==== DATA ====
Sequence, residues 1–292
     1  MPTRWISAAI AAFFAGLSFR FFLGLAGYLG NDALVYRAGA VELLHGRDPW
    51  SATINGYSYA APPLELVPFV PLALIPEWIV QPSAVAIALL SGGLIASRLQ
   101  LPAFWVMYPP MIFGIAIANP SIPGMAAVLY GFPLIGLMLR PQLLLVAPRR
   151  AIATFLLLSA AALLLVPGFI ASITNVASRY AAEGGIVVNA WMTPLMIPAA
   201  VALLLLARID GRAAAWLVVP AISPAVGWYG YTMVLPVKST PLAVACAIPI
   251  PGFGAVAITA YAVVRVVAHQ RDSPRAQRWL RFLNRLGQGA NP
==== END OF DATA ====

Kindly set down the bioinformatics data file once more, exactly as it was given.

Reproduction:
Sequence, residues 1–292
     1  MPTRWISAAI AAFFAGLSFR FFLGLAGYLG NDALVYRAGA VELLHGRDPW
    51  SATINGYSYA APPLELVPFV PLALIPEWIV QPSAVAIALL SGGLIASRLQ
   101  LPAFWVMYPP MIFGIAIANP SIPGMAAVLY GFPLIGLMLR PQLLLVAPRR
   151  AIATFLLLSA AALLLVPGFI ASITNVASRY AAEGGIVVNA WMTPLMIPAA
   201  VALLLLARID GRAAAWLVVP AISPAVGWYG YTMVLPVKST PLAVACAIPI
   251  PGFGAVAITA YAVVRVVAHQ RDSPRAQRWL RFLNRLGQGA NP